Focus on access and equity. Moving from on-campus to remote learning raises issues related to access and equity. There are the immediate logistical challenges of ensuring students have the basic technology they need to learn remotely. One response has been for institutions to offer stipends for internet access and laptop rentals or purchases. Others have loaned equipment and procured additional laptops and hot spots for under-resourced students; this may get equipment to them faster and at an accessible cost. The University of Washington-Bothell, for example, has increased its equipment loan service and bought laptops and hot spots for students who need them.

Universities can be an effective central coordinating resource to share the free options becoming available. Hundreds of internet and telephone service providers have signed the FCC Keep Americans Connected Pledge and are providing benefits like free hot spots with no data caps to support distance learning. Universities can also work with state and local providers and agencies to advocate for government support.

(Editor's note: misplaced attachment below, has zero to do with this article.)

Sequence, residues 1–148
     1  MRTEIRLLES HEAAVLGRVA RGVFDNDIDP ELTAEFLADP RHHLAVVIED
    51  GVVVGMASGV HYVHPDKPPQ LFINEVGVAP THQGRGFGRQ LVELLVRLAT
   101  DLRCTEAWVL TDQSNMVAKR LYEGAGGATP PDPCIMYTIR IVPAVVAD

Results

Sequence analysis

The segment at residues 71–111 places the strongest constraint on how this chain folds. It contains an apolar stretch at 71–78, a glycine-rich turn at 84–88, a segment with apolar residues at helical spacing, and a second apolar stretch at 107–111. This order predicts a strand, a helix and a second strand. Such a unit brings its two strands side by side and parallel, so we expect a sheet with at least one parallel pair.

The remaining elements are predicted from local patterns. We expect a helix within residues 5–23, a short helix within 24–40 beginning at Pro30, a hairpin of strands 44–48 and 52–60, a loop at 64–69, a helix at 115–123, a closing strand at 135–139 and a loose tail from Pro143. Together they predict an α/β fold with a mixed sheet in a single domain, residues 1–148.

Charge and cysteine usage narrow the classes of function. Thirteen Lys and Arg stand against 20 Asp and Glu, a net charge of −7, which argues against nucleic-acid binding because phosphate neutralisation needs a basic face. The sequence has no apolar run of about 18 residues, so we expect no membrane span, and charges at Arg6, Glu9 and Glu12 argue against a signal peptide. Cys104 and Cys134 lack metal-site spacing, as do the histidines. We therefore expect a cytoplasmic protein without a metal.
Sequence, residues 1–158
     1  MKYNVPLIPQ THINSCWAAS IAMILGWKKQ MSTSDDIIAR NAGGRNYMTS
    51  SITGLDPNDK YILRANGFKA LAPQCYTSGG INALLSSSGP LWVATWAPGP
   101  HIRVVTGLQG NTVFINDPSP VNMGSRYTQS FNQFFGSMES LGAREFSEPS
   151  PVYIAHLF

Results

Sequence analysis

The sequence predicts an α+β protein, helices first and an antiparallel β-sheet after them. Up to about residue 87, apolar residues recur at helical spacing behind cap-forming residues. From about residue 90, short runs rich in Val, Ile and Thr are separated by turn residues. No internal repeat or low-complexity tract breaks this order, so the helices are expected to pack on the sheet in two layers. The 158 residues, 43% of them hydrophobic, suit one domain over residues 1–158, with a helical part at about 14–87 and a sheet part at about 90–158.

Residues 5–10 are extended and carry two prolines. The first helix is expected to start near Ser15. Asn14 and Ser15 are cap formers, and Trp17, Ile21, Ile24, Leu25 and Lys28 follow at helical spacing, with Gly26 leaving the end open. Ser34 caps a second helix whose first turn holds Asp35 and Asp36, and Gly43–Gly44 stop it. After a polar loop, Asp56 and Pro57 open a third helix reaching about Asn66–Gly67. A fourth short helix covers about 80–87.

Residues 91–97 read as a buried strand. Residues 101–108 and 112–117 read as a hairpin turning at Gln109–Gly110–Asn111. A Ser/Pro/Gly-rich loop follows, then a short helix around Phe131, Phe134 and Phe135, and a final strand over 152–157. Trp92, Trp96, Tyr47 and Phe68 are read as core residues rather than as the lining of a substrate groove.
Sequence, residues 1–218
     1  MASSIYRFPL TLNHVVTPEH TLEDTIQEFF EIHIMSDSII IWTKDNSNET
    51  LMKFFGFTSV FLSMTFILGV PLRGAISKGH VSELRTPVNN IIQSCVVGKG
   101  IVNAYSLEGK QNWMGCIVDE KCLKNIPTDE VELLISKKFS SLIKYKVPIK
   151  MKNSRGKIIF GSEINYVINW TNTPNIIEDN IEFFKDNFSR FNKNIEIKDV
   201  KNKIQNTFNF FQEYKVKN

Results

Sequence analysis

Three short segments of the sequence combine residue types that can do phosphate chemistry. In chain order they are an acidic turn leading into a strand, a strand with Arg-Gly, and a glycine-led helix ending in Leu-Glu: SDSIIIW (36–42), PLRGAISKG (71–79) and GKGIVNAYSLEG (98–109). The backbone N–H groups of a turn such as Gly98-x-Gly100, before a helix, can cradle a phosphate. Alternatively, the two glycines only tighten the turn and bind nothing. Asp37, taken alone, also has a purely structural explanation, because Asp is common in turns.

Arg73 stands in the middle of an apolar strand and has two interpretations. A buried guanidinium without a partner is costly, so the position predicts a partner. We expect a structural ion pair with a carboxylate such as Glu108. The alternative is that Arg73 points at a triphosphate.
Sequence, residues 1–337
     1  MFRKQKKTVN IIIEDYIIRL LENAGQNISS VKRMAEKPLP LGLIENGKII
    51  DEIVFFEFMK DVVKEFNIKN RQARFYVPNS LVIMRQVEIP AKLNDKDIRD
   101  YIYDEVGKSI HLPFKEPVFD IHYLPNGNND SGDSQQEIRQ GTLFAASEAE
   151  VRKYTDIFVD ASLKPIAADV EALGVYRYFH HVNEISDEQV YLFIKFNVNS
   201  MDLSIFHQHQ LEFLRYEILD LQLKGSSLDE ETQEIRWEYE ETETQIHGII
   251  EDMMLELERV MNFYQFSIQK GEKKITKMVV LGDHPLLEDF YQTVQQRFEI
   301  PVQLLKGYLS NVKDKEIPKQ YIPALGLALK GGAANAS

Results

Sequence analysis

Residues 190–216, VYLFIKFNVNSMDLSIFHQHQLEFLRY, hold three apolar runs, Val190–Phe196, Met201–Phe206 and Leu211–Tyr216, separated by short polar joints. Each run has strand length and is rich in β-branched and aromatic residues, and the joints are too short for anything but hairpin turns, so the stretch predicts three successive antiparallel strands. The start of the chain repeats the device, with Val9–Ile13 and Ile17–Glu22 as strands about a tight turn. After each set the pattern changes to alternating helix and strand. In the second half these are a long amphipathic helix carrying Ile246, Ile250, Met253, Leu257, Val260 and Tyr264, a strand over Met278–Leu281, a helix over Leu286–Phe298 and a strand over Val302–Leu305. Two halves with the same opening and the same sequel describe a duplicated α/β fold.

In addition to these technical issues, there are a range of social, emotional, and human needs that need to be addressed to enable students to learn. Some are basic: food, housing, and money. Without access to dorms and on-campus food services, lower-income students can struggle just to get through the day. Universities can work to connect them to social service organizations; they can also think creatively about providing food service and residential support for those most in need. Some universities, such as Mississippi State, are also getting creative about keeping campuses partially open in a controlled, physically distant way.